Post-Byzantine and modern period[edit]

Saint Eustace icon, an example of the Cretan School
Ηistoria (Allegory of History) by Nikolaos Gyzis (1892)

Cretan School describes the school of icon painting, also known as Post-Byzantine art, which flourished while Crete was under Venetian rule during the late Middle Ages, reaching its climax after the Fall of Constantinople, becoming the central force in Greek painting during the 15th, 16th and 17th centuries. The Cretan artists developed a particular style of painting under the influence of both Eastern and Western artistic traditions and movements; the most famous product of the school, El Greco, was the most successful of the many artists who tried to build a career in Western Europe, and also the one who left the Byzantine style farthest behind him in his later career.

The Heptanese School of painting (Greek: Επτανησιακή Σχολή, literally: The School of the seven islands, also known as the Ionian Islands' School) succeeded the Cretan School as the leading school of Greek post-Byzantine painting after Crete fell to the Ottomans in 1669. Like the Cretan school it combined Byzantine traditions with an increasing Western European artistic influence, and also saw the first significant depiction of secular subjects. The school was based in the Ionian Islands, which were not part of Ottoman Greece, from the middle of the 17th century until the middle of the 19th century.[4]

Modern Greek art, after the establishment of the Greek Kingdom, began to be developed around the time of Romanticism. Greek artists absorbed many elements from their European colleagues, resulting in the culmination of the distinctive style of Greek Romantic art, inspired by revolutionary ideals as well as the country's geography and history. After centuries of Ottoman rule, few opportunities for an education in the arts existed in the newly independent Greece, so studying abroad was imperative for artists. Munich, as an important international center for the arts at that time, was the place where the majority of the Greek artists of the 19th century chose to study. Later on, they would return to Greece and pass on their knowledge. Both academic and personal bonds developed between early Greek painters and Munich artistry giving birth to the Greek "Munich School" (Greek academic art of the 19th century). Nikolaos Gysis was an important teacher and artist at the Munich Academy and he soon became a leading figure among Greek artists. Many of these Munich School artists chose subjects such as everyday Greek life, local customs, and living conditions. Several important painters emerged at this time. Theodoros Vryzakis specialized in historical painting and especially inspired by the 1821 Greek War of Independence. Nikiphoros Lytras concentrated on realistic depictions of Greek life. Georgios Jakobides devoted his attention to infants and children and he would laterbecome the first Director of the new National Gallery of Athens. Georgios Roilos was another leading painter of the period closely associated with the Munich School, especially in his early career. Konstantinos Volanakis was inspired mostly by the Greek sea.[5]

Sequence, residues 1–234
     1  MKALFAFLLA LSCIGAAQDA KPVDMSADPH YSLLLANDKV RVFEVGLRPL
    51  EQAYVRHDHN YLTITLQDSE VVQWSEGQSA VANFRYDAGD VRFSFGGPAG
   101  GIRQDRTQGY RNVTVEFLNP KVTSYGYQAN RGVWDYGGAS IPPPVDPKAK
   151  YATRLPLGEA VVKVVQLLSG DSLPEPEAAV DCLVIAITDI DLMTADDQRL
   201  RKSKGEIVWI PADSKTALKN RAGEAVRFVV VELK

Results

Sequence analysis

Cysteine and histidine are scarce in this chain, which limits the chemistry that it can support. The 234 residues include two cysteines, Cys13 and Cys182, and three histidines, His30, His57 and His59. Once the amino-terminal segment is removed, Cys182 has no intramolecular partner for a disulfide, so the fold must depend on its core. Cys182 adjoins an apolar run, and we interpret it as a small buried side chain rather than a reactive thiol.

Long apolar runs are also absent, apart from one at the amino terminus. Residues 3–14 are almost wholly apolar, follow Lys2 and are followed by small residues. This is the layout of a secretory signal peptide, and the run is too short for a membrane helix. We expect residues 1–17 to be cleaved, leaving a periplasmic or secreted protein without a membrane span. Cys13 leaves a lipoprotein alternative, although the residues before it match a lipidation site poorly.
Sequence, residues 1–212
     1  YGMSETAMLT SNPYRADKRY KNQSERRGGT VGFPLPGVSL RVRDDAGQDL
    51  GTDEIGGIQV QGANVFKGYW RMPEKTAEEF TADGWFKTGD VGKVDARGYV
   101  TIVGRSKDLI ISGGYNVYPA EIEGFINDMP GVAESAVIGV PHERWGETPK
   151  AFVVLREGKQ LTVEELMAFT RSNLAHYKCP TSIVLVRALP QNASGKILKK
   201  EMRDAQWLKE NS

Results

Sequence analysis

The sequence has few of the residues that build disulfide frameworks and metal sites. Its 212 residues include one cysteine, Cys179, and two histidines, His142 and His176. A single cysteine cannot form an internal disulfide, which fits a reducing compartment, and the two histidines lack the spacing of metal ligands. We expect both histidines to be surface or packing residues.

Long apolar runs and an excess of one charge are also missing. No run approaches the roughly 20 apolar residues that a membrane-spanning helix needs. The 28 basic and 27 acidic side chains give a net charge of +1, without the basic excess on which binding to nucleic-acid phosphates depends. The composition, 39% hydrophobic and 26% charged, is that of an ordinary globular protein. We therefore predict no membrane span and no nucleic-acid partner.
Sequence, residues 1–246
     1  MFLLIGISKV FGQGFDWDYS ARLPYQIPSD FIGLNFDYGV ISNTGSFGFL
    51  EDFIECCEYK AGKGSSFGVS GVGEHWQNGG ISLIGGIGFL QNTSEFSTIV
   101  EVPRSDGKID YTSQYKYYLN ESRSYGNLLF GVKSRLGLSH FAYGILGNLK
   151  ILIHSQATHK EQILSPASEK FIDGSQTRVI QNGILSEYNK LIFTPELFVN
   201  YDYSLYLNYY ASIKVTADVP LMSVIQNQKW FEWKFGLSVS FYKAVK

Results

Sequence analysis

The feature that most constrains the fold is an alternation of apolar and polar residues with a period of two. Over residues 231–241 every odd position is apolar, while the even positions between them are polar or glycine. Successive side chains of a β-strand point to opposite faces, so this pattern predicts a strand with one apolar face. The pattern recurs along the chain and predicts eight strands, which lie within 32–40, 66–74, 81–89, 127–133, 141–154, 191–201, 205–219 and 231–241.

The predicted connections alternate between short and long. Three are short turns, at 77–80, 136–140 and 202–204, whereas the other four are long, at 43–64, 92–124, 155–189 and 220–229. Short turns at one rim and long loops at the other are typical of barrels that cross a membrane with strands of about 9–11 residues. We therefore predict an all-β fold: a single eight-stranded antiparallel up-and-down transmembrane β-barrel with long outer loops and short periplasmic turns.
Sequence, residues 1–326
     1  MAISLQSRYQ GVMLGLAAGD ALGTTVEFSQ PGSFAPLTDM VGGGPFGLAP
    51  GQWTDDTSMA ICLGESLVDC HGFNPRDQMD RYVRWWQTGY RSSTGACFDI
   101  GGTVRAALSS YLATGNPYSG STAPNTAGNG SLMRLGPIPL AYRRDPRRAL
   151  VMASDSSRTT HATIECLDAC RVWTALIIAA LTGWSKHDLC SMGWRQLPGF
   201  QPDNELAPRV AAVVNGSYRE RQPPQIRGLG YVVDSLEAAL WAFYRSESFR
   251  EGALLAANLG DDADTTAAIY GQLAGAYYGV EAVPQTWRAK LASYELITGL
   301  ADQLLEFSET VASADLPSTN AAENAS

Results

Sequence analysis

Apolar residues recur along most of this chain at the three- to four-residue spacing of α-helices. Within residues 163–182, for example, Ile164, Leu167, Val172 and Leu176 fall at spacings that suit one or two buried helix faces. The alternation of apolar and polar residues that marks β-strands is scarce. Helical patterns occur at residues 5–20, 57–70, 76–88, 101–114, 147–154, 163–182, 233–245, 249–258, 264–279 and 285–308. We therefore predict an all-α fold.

Other notable painters of the era are Theodore Ralli, Ioannis Altamouras and the folk painter Theofilos Hatzimichail. Notable sculptors of the era are Leonidas Drosis (his major work was the extensive neo-classical architectural ornament at the Academy of Athens, Lazaros Sochos, Georgios Vitalis, Dimitrios Filippotis,Ioannis Kossos, Yannoulis Chalepas, Georgios Bonanos and Lazaros Fytalis.

Major museums and galleries in Greece[edit]

Attica[edit]

Thessaloniki[edit]

Crete[edit]

Corfu[edit]

Rest[edit]

See also[edit]

References[edit]

  1. ^ Henri Stierlin. Greece: From Mycenae to the Parthenon. Taschen, 2004.
  2. ^ C. Mango, ed., The art of the Byzantine Empire, 312-1453: sources and documents (Inglewood Cliffs, 1972)
  3. ^ Theodoros Stamos
  4. ^ archive.gr - Διαδρομές στην Νεοελληνική Τέχνη
  5. ^ http://library.thinkquest.org/04oct/01181/GreekPainting_20thcentury.pdf

External links[edit]